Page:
Executive Director of the Betting Gaming and Lotteries Commission, BGLC,  Vitus Evans is describing as false, claims the commission is fast-tracking any licence application.

Mr. Evans in a media release yesterday also declared as false a suggestion that financial investments made by applicants indicate any intention on the part of the BGLC to issue a licence.

His response follows a recent letter sent to him by the Gaming Association.

The Gaming Association had told Mr. Evans that recent media reports have linked the BGLC to an expedited effort to issue a lottery licence to a new entity.

The Association also said it was concerned by media reports that Mahoe Gaming had stated that their service provider already spent in excess of US 3 million dollars without them being granted a licence.

But, Mr. Evans says this report is untrue given the many requirements and costs that are incurred when submitting an application for consideration, in addition to the time and effort required for the review of the licence application.

The BGLC Executive Director also addressed the issue of competition and Government Tax Revenues in Jamaica’s gambling industry.

The Gaming Association in its letter had stated that as Gaming Lounge operators, they’re mindful of the negative effects changes in the Lottery model may have on their businesses.

According to the Association, the pending competition is expected to see increased payouts by competing lottery operators.

They say this would have a negative impact on lounges, as well as, revenues to the government.  

The Association says it’s also concerned that high payouts from numbers games may also attract money launderers.

But, Mr. Evans says competition in Jamaica’s gambling industry preserves consumers’ right to choice as the country operates a free-market economy with competition in every sector.

He says the Jamaican consumer has benefited from a competitive market by having more choices, access to innovative products and services and competitive prices.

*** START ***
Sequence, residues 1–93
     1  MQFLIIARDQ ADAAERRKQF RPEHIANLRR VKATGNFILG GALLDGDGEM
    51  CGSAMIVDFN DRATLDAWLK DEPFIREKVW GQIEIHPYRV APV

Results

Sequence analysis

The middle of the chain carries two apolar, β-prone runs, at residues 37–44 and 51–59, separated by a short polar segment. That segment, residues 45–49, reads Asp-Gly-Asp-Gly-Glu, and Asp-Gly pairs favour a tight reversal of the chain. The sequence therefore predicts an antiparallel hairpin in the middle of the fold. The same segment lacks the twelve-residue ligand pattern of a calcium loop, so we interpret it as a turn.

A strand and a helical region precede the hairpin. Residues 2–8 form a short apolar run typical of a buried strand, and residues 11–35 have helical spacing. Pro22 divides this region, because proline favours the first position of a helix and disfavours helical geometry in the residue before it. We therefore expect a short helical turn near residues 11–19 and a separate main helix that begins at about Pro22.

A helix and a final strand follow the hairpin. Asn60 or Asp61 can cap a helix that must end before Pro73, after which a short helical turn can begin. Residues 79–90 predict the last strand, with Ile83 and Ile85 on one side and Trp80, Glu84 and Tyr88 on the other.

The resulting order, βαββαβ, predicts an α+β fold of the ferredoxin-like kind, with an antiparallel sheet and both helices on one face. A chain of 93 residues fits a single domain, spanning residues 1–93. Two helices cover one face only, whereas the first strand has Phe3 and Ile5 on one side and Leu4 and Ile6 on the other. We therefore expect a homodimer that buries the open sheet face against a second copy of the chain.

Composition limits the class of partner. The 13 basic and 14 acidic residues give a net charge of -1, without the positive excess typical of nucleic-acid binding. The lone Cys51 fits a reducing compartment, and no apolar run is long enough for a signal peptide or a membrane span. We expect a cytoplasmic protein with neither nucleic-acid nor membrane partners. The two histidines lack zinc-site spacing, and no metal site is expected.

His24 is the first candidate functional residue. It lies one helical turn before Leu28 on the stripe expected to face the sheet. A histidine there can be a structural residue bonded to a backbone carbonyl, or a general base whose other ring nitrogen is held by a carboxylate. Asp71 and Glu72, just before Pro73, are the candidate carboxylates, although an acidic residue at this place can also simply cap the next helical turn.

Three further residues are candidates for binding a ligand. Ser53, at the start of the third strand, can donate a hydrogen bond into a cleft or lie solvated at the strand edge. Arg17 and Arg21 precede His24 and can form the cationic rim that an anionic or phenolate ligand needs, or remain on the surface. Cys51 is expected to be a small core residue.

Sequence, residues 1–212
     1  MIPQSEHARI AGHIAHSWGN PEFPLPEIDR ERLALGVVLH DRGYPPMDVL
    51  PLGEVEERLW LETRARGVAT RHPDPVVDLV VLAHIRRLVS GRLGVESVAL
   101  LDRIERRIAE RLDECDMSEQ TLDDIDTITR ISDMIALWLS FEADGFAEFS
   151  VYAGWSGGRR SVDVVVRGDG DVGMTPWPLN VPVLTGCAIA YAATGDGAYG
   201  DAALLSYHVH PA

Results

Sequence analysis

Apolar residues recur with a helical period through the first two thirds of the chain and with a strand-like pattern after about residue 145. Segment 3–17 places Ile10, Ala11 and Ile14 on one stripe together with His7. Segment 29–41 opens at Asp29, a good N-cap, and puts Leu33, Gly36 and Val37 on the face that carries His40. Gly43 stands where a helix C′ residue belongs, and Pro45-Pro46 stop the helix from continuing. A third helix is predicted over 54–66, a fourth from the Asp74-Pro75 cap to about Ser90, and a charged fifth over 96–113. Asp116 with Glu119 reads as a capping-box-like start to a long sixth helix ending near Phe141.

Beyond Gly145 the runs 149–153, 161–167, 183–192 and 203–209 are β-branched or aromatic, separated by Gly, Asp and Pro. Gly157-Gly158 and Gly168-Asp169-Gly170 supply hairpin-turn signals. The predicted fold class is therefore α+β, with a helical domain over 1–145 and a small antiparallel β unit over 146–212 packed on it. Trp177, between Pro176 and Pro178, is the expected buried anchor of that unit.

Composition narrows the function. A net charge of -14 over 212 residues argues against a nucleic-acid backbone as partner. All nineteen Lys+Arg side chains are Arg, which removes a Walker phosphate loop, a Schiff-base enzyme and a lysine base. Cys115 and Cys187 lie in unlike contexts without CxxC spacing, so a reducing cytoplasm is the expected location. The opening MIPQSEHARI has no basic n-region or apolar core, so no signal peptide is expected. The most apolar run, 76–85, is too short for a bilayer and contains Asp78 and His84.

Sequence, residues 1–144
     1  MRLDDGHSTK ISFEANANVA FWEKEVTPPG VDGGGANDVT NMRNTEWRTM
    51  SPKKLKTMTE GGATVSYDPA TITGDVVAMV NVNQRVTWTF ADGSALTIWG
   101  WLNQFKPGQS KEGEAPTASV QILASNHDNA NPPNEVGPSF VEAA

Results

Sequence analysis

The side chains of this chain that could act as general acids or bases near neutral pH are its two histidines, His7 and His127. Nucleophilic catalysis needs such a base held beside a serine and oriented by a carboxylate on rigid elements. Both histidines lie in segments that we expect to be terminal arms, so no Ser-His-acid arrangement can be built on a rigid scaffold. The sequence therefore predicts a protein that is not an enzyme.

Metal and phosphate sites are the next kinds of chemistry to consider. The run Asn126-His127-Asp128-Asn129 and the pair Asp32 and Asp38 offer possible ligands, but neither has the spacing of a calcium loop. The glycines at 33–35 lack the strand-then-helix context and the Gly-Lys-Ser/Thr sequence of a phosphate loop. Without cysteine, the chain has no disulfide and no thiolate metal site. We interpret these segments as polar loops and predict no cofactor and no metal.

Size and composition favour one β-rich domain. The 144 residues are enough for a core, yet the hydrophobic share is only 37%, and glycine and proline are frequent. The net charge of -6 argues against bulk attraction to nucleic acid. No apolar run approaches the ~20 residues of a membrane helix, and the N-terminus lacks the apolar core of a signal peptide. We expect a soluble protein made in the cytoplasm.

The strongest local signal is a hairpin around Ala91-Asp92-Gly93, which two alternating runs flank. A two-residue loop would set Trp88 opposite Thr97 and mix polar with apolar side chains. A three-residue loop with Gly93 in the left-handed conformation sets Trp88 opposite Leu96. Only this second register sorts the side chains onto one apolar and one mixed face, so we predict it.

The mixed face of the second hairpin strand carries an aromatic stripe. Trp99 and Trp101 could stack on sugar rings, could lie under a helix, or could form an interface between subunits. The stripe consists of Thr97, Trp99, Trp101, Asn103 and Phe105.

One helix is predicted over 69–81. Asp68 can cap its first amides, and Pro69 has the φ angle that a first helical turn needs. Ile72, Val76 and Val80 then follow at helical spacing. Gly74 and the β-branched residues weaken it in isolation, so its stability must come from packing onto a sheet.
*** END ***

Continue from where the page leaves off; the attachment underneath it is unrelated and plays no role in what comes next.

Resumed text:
Mr. Evans says the gambling industry should be no exception.

He says the Commission intends that its decisions should not compromise or disadvantage consumers’ right to choose with whom they do business.

With regard to Government Tax Revenues, he says the gambling industry now generates over 8 billion dollars in tax revenues for the government.

He says tax revenues have been on a consistent growth trajectory and the historic trends suggests this will continue.

However, Mr. Evans says, currently, 90 per cent of tax revenue comes from a single source, which poses a significant risk to the government.

He says the BGLC wants to assure Jamaicans that all its deliberations and actions are guided by its mission to enable a viable and reputable gaming industry by balancing the interests of providers, consumers, the general public and the government.

A representative of Supreme Ventures currently has a suit before the Court which seeks to have the BGLC mandated to carry out an independent study of the potential impact the issuance of another lottery licence may have on the sector.

The Supreme Court recently struck out an application from Mahoe Gaming to formally be included as a party to the suit.

Meanwhile, Mr. Evans says the processes to regulate the lottery sector have already been the subject of a comprehensive independent review.

The Gaming Association had called on the Commission to immediately carry out an independent and transparent study of Jamaica’s gaming and lottery industry.

According to the Gaming Association, the study should be done with a view to determining international best practices that are applicable to the local industry and the regulation of the sector

But, Mr. Evans says a review was conducted by Attorney-at-law, Dr. Derrick McKoy, a former Contractor General.

He says that assessment confirmed that the practices of the BGLC are in keeping with the Public Sector Corporate Governance Framework and international gaming regulation standards.